Table of Contents

Bed

Normal. I had a normal bed until I moved to Boulder. My bed in Tallahassee, the first one I ever bought for myself, had a dark, ornate wood frame to match the rest of my rather tasteless thrifted furniture. I ended up getting rid of the footboard, rails and slats and putting my mattress and box springs on a hollywood bed frame with the headboard just leaning against the wall because of my heels. When I landed on my back on the pavement after the head-on collision on my way back from the Everglades, I banged my heels hard on the pavement; they were sore for years. They gave me shearling heel protectors in the Vero Beach hospital because I complained so much about my heels. The heel cups helped, but for years I slept with my heels hanging off the end of my bed.

Nova. I left my furniture in Tallahassee, though I still managed to fill up a trailer with junk. When I moved west I was pulling a home made trailer I bought, a converted pickup truck bed. I was still driving my first car, a 1971 placer gold Chevy Nova. It had a 307 V-8 and 3 on the floor, the only shift pattern I ever saw that really looked like an H. It pulled my crap like a champ. I did not bring a bed. One of the women in The Community worked for a futon company and I bought a double size futon from them. Basic: all cotton, no foam. I must've adapted well to it; I don't remember any tsoris. They are kinda fluffy at first.

Downhill. That futon packed down pretty fast, and I kept it for a long time. There was a lot of backpacking going on, and it became a fad in The Community to sleep on a backpacker's closed cell foam pad at home. To condition you for the real thing, don'tcha know. Or remind you. Whatever. When Doña and I lived together on Walnut Street a few blocks from Mataam Fez our mattress was an ensolite pad. Hard fuckin' core.

Kenmore. The futon habit followed me to Seattle like the Ghost of TH Past. When I woke up in the wee hours on December 7, 2019 I woke up on a futon. It was a scrawny futon, packed down by years of use. I was still far enough under TH's spell to believe a spartan bed was virtuous. Leela convinced me otherwise. We could only communicate via muscle testing; I was in so much pain from my panic attack that body sensing wouldn't work. I finally got the message: I had to buy a used bed on Craigslist. That way she could make sure I got the right one. I found one in Kenmore that got the thumbs up. All I had to do was drive up there and get it.

Lost. But I was getting lost on my way to Fremont. I was so disoriented and mentally incapacitated by my panic attack that wasn't a panic attack I got lost between Crown Hill and Fremont. Here's the route:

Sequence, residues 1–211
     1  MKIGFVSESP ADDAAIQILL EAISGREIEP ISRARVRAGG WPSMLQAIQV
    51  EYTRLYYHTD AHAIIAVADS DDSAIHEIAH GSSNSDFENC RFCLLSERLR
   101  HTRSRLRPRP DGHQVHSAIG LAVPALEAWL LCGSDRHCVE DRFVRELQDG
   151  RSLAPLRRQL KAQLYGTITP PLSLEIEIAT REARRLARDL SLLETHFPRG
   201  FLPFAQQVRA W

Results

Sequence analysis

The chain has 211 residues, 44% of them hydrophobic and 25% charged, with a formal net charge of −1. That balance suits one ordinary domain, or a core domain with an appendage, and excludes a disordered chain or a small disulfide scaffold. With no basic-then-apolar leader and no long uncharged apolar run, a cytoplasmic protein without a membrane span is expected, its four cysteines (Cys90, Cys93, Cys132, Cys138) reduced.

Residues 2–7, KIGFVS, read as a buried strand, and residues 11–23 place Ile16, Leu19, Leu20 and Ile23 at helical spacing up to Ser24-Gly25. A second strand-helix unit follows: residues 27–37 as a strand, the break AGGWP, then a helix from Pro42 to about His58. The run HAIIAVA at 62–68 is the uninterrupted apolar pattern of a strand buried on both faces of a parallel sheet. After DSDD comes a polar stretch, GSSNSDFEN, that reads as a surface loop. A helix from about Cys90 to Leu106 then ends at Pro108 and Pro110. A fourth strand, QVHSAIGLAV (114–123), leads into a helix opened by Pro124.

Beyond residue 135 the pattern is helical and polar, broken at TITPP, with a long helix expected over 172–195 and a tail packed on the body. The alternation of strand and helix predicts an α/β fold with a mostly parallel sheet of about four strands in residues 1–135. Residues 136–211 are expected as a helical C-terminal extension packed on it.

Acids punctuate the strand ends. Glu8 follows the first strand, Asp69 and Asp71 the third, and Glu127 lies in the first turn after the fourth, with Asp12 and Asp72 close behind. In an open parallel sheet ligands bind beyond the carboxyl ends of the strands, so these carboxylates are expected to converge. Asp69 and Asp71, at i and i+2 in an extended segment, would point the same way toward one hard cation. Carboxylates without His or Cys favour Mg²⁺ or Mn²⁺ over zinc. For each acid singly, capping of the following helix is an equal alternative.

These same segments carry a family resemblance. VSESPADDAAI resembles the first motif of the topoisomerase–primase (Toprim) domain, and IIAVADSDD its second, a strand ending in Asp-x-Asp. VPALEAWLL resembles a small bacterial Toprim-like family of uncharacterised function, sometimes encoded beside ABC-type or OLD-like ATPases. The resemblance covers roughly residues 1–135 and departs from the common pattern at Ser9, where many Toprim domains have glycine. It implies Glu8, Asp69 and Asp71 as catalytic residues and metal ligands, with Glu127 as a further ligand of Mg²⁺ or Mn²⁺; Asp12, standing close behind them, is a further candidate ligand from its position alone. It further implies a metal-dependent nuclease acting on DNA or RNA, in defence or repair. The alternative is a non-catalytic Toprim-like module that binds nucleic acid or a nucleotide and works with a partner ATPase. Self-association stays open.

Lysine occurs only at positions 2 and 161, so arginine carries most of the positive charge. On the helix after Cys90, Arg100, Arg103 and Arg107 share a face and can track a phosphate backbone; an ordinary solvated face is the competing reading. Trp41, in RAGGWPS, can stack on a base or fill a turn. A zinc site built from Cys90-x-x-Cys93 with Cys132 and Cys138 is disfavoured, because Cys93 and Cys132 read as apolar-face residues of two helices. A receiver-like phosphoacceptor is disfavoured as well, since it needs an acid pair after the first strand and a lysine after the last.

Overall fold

Simple, right? Two days in a row I ended up on the Ballard Bridge headed for Interbay instead of Fremont. I had to get to my MA meeting via Nickerson. Driving to Kenmore was a huge challenge. I was also petrified of driving on the freeway. Going a few exits south on I-5 was a white knuckle nightmare. I got to Kenmore without getting on I-5 but got lost in Kenmore. It's a divided highway with jersey barriers. I had to make a left turn to get where I was headed. That meant going through a u-turn opening in the barrier. I missed the opening, then missed the turn which was now a right. I was so freaked out I gave up and drove home in defeat. I emailed the guy and said I would try tomorrow. I studied the route at home, memorizing what to do when. It never occurred to me to turn turn-by-turn on on my phone's GPS. I couldn't think that clearly. I got lost three times on my way the next day. I was in tears, about to give up. I stumbled onto a back way to get there. It was a lovely single bed and way too big to fit in my car. I discovered that after a half hour of trying to cram it in. I paid the guy and said I would be back tomorrow with a bigger vehicle. We arranged for him to leave it outside under a tarp so I could get it during the day while he was at work and avoid rush hour traffic. I got lost on my way to my friend's house to swap cars. I made it there. I drove her Element to Kenmore and yes, got lost again. The Element wasn't big enough either, but I hauled it home using bungee cords. That was what my life was like for six months. It was way worse at first; I could not drive at all. It slowly got better. This is me in the middle of that stretch. Writing this gave me a panic flashback.

The bed Leela chose for me is a Sealy set: box springs with a pillowtop mattress. It's the most luxurious bed I've ever owned. I adore snuggling up in it under the fleece comforter she also got me. During my panic attack I would get in bed to meditate a half dozen times most days. It was the only meditation I did, aside from walking. I still get in bed for meditations. The best ones include a nap. My body makes that call. But only two or three times a day now. I meditated to music in my new bed all through the darkest part of my panic attack. I was listening to a lot of Max Richter. I listened to the full 8 plus hours of Sleep three times, stretched out over many installments. I listened to On the Nature of Daylight too many times to count. So much need for soothing. Most of my listening now is dance music, checking out new songs for Waltz etcetera now that it's back. Having my job back is such a relief. And now, living in my new home, I take refuge in my decidedly twin bed all night every night. My bed is one of the most valuable tools for making progress with love Leela ever gave me.